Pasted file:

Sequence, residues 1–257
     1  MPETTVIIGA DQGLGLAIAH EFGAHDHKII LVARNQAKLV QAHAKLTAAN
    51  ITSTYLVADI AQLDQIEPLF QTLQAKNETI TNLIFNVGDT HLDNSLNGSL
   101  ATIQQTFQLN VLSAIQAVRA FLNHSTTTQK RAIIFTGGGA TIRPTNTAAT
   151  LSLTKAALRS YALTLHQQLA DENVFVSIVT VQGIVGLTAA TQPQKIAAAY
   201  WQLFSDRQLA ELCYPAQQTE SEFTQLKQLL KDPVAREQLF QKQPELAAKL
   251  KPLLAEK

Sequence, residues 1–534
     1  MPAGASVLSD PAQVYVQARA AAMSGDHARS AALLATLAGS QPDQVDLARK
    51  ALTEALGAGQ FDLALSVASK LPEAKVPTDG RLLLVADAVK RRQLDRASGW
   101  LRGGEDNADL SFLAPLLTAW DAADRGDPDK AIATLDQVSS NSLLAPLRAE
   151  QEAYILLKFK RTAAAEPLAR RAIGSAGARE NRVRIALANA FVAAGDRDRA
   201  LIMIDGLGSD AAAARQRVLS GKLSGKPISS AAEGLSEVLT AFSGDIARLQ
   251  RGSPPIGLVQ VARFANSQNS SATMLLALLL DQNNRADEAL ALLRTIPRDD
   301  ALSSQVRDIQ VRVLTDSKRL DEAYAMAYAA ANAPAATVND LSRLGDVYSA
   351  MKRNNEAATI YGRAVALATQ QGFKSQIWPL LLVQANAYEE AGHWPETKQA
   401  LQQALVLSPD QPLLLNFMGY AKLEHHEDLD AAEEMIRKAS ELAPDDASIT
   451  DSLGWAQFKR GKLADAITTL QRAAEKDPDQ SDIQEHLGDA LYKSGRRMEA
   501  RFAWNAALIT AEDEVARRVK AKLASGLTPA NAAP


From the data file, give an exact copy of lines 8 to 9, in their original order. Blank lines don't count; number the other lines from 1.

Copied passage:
Sequence, residues 1–534
     1  MPAGASVLSD PAQVYVQARA AAMSGDHARS AALLATLAGS QPDQVDLARK